The canister holds just over 1 liter of debris, easily enough for our 1,100 square feet of flooring. Emptying the canister is simple – pressing a button at the bottom of the bin opens a lid so you can empty it easily into the garbage without coming into contact with any debris. Some fine dust is likely to float up into the air, so if you have allergies or are particularly sensitive to dust, then wear a dust mask or respirator.


A nice feature on the Hoover is that you can remove the wand from the base unit and vacuum hard to reach places and overhead. To do this you need to extract the wand from the vacuum (photo 1), remove the hose from the base of the vacuum (photo 2), and then attach the hose to the bottom of the handle, which is on the end of the wand (photo 3). Attach either the 2-in-1 dusting and crevice tool or the blind duster tool to the end of the wand and you're ready to go.

The hose is 4 feet long, and with the wand attached you can reach most places in a home with 8-foot ceilings. However, I find that whenever using the wand the movement of the hose causes the vacuum to fall down, which is more of a nuisance than anything else.


One big advantage of the Hoover is that I can easily vacuum under furniture – as long as there is about 9" of clearance. 


There is also an LED headlight at the bottom of the vacuum that lights the path so that I don't have to turn hallway and closet lights on. It also makes it a bit easier to see bits of debris on the floor.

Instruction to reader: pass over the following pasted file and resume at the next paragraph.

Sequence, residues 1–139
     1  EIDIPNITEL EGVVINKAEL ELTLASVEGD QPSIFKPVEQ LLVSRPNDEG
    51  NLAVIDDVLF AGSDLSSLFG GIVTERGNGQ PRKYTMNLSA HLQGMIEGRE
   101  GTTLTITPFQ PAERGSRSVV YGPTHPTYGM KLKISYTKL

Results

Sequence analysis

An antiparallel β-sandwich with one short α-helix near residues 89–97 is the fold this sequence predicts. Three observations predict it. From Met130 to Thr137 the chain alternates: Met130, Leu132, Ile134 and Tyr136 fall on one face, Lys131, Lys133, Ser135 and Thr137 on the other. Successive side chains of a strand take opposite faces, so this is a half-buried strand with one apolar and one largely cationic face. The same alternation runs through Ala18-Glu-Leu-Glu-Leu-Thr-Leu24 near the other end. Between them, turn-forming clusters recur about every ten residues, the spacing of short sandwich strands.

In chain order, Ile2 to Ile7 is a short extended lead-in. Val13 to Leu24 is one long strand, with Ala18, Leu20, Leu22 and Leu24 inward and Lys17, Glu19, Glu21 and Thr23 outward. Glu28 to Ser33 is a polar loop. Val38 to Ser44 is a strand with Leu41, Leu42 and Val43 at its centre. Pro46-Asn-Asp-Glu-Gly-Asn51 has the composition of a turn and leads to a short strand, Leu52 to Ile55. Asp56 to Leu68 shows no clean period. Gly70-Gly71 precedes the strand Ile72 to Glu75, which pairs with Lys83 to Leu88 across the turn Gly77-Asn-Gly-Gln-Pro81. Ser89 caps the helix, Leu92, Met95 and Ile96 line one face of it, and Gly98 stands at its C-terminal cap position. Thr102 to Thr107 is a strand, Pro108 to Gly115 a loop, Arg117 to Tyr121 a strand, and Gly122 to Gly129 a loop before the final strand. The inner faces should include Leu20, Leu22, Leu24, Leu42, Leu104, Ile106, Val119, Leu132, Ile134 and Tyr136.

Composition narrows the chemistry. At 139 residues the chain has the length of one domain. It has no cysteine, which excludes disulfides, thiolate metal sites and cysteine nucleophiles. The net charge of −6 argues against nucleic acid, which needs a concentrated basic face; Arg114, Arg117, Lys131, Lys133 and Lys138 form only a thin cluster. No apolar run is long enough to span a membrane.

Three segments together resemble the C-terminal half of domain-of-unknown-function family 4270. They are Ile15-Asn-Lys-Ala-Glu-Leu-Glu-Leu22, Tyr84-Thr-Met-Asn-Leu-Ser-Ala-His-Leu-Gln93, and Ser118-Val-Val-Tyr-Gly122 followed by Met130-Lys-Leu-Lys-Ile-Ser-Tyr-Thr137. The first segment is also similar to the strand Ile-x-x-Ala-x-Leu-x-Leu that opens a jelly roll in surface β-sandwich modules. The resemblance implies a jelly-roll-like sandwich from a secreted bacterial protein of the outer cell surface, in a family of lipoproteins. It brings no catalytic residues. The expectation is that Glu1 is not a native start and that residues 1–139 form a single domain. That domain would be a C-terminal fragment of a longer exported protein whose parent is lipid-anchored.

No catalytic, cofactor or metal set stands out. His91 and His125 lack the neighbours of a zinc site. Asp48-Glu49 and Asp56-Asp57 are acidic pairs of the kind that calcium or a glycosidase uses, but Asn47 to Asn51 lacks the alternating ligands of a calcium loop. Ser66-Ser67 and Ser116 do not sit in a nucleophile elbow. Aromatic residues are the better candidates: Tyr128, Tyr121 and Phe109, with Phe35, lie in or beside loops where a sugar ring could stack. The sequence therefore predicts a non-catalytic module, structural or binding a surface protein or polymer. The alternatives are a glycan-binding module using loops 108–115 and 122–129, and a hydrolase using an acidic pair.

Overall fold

I vacuum the 600 square feet of carpeting in our home once a week. In the top left photo you can see the typical amount of dust after vacuuming the carpets with the Hoover. I then re-vacuumed the carpets immediately after with the corded Bissell vacuum – you can see that the Bissell picked up a fair amount of dust that the Hoover left behind.

I also repeated this same test the following week, first vacuuming the entire carpeted area with the Bissell (bottom photo, left) and then re-vacuuming the floor with the Hoover. While the Bissell picked up more dust than the Hoover it still left some behind, which the Hoover was able to remove (bottom right).

I repeated this test over four weeks, and the results were pretty consistent. Neither vacuum picked up all the dust, though the Bissell did pick up somewhat more dust than the Hoover.

In general, the results have been satisfactory on low shag carpeting – I can't vouch for deep pile carpeting. We have a short hair cat that lives, and sheds, indoors, and the Hoover picked up all the visible hair. It also does a good job picking up the kind of debris you often find on kitchen floors – clumps of dust, bits of food, outside dirt that falls off foot ware, and the like.

Still, there are some distinct advantages to the Hoover that offset the somewhat smaller amount of dust that it picks up (compared to a conventional powered vacuum). It's super light and you can steer the vacuum with just one hand. It's also very agile with a pivoting head that can navigate around furniture and other obstacles with ease. At an average 63 decibels, it's much quieter than the Bissell's 75 decibels, and of course, you don't have that power cord to deal with.

If you have a lot of carpeting, along with a menage of children and pets, then a more powerful corded vacuum is probably the better choice. Otherwise, the Hoover Air Cordless Series 3 will do just fine. 


  • Power Source: 20V Battery
  • Battery Run-time: 25 minutes (per battery)
  • Battery Charge Time: 3 hours
  • Nozzle Width: 11 Inches
  • Dirt Cup Capacity: 1.05 Liters
  • Weight: 9.9 pounds
  • Motorized Brushroll
  • Washable Filter
  • On-board Tool Storage
  • Warranty: 5 years
  • Includes: Two 20V Batteries, Battery Charger, Spare Filter, Hard Floor Brushroller, 2-in-1 Dusting and Crevice Tool, Radiator Tool

SOURCE:Dealer Locator

Carl Duguay